Most of us know that one of the main reasons for the current school street was the number of complaints Leo got from the residents opposite the school who had parents constantly parking over their driveways. This has now been solved by this scheme but many wonder like @Casey why can’t the council just do the basics of controlling short-term parking properly rather than just moving the problem on.

If you look at the Thorpewood, Dartmouth, Kirkdale triangle, we have 4 schools, a swimming pool and a library and all the emphasis is on how to reduce car usage on a 200 metre stretch of road. We should be asking how we can make this a better scheme for active travel for the whole area.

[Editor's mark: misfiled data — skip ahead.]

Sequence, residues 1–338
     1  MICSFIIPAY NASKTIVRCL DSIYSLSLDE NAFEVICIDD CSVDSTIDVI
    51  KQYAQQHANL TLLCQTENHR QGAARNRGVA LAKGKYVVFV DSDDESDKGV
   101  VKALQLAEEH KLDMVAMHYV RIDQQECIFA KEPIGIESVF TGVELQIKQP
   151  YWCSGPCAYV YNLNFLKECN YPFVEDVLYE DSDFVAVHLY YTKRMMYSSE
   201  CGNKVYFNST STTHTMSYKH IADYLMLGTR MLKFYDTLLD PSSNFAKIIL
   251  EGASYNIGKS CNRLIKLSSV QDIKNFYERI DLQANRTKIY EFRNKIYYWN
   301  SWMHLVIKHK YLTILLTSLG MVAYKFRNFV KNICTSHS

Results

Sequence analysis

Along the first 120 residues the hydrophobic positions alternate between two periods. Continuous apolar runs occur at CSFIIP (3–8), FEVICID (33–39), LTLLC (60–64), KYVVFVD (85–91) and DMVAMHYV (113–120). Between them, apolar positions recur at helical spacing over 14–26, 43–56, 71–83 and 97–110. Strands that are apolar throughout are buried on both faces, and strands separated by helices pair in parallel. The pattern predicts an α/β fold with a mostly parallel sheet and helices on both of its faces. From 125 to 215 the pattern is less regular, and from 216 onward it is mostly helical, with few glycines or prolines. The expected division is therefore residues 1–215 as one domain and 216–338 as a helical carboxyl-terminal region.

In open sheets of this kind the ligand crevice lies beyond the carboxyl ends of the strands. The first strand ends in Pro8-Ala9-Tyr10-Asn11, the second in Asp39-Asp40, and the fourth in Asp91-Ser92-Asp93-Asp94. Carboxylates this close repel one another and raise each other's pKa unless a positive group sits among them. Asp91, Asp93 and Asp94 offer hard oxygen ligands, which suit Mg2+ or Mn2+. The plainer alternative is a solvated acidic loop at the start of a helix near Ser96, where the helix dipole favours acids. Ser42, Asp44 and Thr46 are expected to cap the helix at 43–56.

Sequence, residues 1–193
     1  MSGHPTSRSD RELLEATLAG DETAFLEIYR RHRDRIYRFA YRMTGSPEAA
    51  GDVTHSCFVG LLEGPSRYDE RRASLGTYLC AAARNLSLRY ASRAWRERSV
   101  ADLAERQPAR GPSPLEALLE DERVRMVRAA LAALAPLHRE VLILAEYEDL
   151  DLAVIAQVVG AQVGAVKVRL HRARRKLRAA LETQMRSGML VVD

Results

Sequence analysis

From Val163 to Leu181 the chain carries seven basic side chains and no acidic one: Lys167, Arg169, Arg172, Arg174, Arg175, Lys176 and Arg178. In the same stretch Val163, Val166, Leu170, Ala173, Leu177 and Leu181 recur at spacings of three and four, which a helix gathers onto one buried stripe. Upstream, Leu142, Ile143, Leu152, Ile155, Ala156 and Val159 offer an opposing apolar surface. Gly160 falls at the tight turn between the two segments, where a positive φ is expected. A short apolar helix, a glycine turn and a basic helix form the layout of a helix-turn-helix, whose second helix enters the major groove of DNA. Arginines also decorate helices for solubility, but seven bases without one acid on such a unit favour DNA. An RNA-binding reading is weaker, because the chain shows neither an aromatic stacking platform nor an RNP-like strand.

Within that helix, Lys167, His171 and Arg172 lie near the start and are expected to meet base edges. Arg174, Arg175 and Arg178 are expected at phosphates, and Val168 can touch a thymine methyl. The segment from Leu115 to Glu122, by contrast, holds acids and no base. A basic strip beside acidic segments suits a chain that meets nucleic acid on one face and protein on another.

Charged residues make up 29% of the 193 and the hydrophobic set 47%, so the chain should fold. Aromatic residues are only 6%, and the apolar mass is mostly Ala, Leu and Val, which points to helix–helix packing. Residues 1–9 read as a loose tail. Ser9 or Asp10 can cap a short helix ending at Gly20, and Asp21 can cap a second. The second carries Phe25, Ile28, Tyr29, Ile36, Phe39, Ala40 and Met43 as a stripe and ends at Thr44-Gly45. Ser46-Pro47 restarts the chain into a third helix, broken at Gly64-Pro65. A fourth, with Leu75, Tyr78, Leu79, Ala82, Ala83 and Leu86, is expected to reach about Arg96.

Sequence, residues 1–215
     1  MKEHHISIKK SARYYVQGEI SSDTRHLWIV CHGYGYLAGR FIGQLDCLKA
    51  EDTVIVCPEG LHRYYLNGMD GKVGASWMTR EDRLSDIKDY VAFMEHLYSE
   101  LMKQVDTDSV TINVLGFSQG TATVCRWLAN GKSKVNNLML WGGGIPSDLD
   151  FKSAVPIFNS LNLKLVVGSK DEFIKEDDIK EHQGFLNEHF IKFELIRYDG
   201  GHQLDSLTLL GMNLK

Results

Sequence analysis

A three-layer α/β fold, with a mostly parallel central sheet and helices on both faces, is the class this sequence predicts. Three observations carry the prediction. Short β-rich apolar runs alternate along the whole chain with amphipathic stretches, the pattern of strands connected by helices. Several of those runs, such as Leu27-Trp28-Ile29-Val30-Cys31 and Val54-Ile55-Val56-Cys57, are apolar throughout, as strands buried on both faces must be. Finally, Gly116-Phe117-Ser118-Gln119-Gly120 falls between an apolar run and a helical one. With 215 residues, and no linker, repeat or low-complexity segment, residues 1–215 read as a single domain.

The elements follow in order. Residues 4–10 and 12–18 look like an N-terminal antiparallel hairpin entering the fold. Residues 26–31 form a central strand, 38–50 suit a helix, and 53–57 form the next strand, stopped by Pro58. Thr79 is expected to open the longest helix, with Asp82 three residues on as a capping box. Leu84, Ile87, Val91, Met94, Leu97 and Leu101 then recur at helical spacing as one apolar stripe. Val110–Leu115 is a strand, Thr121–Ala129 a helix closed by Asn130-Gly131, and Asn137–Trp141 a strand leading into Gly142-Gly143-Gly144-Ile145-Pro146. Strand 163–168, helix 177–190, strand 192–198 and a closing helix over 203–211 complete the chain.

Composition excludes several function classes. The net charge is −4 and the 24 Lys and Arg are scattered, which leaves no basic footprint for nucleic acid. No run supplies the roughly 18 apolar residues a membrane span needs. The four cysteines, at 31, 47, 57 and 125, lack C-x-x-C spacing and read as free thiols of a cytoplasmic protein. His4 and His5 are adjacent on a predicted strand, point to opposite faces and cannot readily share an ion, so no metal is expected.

So, in each of these schools kids are breathing pollution, and even if the scheme got reset they’d still be breathing pollution.

100% agree.

Exactly Paul, that is my main feedback. The council only seem to be pushing the issue around so that they seem to be doing something around schools but in reality they are ignoring the basics of street safety and legal parking, and should be actively penalising school parents who are using cars for such short journeys.

In Kirkdale we are served by 6 bus routes (7 if you include the bus at the top of Sydenham Hill) and yet we have more cars than ever before for school pick ups.

It is that bad around Kirkdale triangle that if I am coming home with my own car between 2:30 and 4 I have to actively make myself busy to avoid the area as the traffic and parking is so bad that I cannot safely make it into my road.